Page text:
It’s a book about Iron Man’s origin updated to the deserts of today’s Terrorist Bad Guys, with a twin set of foes to provide contrast to our hiccuping hero. First up there's HVC's reliable doppleganger who made the wrong choices in the form of The Fundamentalist Ex-Friend. He, in his jerry-rigged suit and certainty of purpose, provides the stark (!) contrast with our more equivocal but better equipped bottle suckler. Because he had 6 theoretical issues HVC doubles down and throws in his usual White Collar Wankers as well. This is a pretty generous allotment of threats to throw at someone who has trouble finishing a sentence so there's certainly some suspense. Luckily Pepper Potts is around in strong ,but definitely, supporting role. Mind you, the white collar bunch’s plan basically amounts to little more than skimming off the top of a budget. The fact that HVC sees this as a cunning plan suggests HVC has never dealt with builders. I bet he has people to do that for him. It all builds nicely with the various threads and threats converging into one big climactic confrontation. It's professional stuff by a professional man. Mind you, HVC does fluff the action finale (if something very (very!) big falls on the villain while he is astride Iron Man then doesn't Iron Man get crushed also?) Actually, that could be a failure of staging on the part of the artist, Gerald Parel. This was his first work for Marvel but clearly isn't his first work ever as he's quite accomplished. Yeah, I like Parel’s work here; work which has a painted look but a soft and flowing aspect as opposed to, say Alex Ross’ doggedly defined offerings. In contrast, Parel’s approach provides rich textures which suggest detail and thus avoid slowing the eye down. Also, Parel is very keen on placing a young lady’s bottom in the panel foreground. Maybe he is just a frisky young man bursting with the sap of Spring or maybe he’s trying to stay awake as he draws another warehouse; one of the many through which our white collar villains persistently stroll practically rubbing their hands together as they explain their complex embezzlement plot very vaguely. It’s attractive stuff and cinematically framed throughout but except for the odd burst it’s hardly dynamic, and sometimes there's a kind of flaky effect like the image has degraded. Ironically much as the titanic talent set of Iron Man’s original artist Dashing Don Heck was ill served by flights and tights these pages suggest Parel might shine brighter in a different genre.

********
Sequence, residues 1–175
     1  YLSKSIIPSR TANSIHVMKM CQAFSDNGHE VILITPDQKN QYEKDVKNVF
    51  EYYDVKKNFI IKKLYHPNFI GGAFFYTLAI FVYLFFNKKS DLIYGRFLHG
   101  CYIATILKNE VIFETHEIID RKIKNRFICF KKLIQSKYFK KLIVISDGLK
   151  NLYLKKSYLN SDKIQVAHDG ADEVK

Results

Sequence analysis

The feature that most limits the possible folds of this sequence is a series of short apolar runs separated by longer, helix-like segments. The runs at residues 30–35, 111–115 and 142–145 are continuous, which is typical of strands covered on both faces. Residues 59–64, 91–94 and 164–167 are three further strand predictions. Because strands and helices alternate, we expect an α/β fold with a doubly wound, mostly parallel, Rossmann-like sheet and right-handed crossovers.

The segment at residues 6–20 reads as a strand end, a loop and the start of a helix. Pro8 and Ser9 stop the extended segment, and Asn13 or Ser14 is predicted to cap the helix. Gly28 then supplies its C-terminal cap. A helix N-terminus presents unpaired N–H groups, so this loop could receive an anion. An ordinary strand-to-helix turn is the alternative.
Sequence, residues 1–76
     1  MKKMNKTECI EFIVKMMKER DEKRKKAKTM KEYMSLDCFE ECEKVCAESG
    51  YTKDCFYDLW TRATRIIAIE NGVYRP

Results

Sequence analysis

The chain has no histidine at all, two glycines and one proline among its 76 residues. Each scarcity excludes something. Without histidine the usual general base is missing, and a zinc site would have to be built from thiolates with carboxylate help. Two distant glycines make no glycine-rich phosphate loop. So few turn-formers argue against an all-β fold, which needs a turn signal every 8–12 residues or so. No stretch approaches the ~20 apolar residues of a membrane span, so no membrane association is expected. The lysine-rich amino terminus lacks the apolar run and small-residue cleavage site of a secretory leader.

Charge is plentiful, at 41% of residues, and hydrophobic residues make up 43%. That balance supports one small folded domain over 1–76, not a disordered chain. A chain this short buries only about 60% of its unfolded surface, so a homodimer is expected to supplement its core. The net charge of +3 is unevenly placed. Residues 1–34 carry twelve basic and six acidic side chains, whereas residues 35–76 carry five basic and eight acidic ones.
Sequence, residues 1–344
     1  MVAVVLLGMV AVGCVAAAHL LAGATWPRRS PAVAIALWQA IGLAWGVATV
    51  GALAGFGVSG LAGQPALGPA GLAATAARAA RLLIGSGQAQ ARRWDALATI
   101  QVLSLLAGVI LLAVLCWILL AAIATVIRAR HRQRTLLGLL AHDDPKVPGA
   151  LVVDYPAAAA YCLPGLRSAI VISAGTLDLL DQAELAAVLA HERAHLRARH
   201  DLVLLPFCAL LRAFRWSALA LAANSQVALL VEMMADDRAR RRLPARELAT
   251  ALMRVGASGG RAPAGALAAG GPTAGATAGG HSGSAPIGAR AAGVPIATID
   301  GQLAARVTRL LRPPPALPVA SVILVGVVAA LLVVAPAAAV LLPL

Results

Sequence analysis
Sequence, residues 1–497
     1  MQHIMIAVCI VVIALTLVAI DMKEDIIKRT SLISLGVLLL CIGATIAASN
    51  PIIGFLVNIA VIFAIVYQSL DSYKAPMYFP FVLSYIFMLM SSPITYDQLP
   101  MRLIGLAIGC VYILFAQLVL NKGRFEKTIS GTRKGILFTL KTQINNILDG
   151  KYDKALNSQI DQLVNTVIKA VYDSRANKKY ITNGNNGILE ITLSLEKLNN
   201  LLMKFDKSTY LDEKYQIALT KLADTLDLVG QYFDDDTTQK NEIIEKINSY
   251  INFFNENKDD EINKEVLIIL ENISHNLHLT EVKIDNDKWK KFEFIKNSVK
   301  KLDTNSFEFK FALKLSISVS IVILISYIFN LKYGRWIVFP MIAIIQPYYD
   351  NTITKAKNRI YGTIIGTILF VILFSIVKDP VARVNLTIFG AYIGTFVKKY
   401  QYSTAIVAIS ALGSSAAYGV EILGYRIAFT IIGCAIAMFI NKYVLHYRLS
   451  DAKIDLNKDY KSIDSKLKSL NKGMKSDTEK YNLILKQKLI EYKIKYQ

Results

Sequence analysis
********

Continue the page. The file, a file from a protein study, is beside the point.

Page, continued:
Oh, it’s an Iron Man OGN detailing a more up to date origin written with facility and not a little flair, illustrated pleasingly if slightly passively. Overall it suffers because I judge everything Iron Man by the Gold standard of that time he went back in time to Camelot and punched Doctor Doom in his metal tits. Compared to that this is, like much else in life, just GOOD!
Of course Marvel have endearingly neglected to credit the creators of Iron Man without whom this book, those films and all those billions of Hollywood dollars wouldn't exist. That’s okay because I’ve nothing but time. So yet again; decency costs nothing.
Iron Man was created by Don Heck, Larry Lieber, Jack Kirby and Stan Lee.
Those being the men without whose efforts Robert Downey Jnr would be charismatically portraying nothing. I understand they even get mentioned at the end of an acre of credit crawl on the Iron Man movies or something, but this isn't a movie it’s - COMICS!!!